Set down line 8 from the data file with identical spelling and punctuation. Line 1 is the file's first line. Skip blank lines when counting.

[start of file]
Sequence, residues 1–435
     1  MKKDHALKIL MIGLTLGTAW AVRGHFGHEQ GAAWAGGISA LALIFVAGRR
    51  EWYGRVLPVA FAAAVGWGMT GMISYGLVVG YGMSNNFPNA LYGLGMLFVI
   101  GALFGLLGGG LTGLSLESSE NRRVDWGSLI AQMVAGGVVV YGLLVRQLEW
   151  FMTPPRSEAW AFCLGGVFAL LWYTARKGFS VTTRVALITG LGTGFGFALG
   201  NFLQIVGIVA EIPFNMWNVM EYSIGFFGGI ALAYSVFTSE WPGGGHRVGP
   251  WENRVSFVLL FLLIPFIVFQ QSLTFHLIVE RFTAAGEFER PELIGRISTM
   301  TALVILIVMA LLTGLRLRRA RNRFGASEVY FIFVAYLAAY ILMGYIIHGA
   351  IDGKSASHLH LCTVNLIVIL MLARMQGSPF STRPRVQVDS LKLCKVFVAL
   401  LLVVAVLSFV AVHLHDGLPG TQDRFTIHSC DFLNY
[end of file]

   301  TALVILIVMA LLTGLRLRRA RNRFGASEVY FIFVAYLAAY ILMGYIIHGA